Much has been made of the fact that Mike Tomlin’s Pittsburgh Steelers have been very good on the road over the course of the past two seasons—or to be more accurate, one season and two half-seasons—but before that, they actually kind of sucked for quite a while.
Prior to the Steelers’ recent 15-1-1 road record, there was legitimate criticism to be made regarding Tomlin’s teams outside of Heinz Field. They went 1-3 in the first four road games of the 2016 season before winning their final four on the road, which was the beginning of their current run of success.
In fact, they had never posted a record of 6-2 or better on the road prior to last season since 2010, the year that they last reached the Super Bowl. The Steelers went 7-1 in road games that year, the only loss coming to the New Orleans Saints before losing to the Green Bay Packers in the Super Bowl on neutral ground.
In between the 2011 and 2015 seasons, they posted a total overall road record of 20-20 exactly, with winning seasons of 5-3 road records in 2011 and 2014, losing 3-5 records in 2012 and 2013, and a .500 4-4 record in 2015.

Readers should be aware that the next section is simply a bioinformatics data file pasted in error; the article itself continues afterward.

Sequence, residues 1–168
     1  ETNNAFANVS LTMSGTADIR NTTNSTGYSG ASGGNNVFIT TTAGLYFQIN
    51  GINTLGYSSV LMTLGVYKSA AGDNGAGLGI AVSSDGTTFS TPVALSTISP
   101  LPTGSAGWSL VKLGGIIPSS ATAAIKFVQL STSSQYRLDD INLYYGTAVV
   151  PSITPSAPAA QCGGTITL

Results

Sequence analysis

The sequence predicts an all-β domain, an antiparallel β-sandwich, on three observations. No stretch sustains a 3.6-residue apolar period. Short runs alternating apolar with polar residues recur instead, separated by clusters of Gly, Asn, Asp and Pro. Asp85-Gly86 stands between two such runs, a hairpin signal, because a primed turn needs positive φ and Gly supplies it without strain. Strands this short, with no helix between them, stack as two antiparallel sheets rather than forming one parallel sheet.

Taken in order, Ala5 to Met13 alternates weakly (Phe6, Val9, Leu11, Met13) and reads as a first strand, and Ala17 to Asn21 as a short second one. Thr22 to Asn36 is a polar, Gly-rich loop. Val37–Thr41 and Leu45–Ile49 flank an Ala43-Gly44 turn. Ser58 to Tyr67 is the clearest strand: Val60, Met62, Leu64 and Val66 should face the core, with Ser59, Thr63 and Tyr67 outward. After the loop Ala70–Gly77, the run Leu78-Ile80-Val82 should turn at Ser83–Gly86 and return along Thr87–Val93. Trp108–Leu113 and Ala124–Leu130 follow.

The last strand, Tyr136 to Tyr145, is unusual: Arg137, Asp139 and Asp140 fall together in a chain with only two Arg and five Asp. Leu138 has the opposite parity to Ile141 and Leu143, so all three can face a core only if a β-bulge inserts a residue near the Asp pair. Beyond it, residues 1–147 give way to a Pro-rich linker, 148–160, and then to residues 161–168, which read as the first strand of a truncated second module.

In other words, they had a 16-20 record on the road going back to 2012 up until the middle of the 2016 on the road, after which they seem to have completely turned things around. Which actually makes their recent run of success all the more remarkable.
It’s almost hard to remember that there was a lot of discussion for several years about Tomlin’s teams struggling on the road, given how successful they have been over the course of their past 17 regular season road contests, winning 15 of them and drawing even in another, with the only loss ultimately coming in overtime.
To wrap up the rest of his career, the Steelers actually went 3-5 in Tomlin’s first season in 2007, despite a 10-6 overall record and a postseason berth. But his team responded with a 6-2 road record, and a 12-4 overall record, en route to their sixth Lombardi trophy in 2008, before falling back to 3-5 in 2009 during a 9-7 season.
While he has an overall 55-37-1 record on the road now in his NFL career as a head coach, it wasn’t so long ago that it looked much worse. Prior to his recent run since the middle of the 2016 season, he was just 40-36, just a .526 winning percentage. He has improved to .597 since then, to illustrate how much of an impact it has had both on his overall record and of his perception as a road coach.
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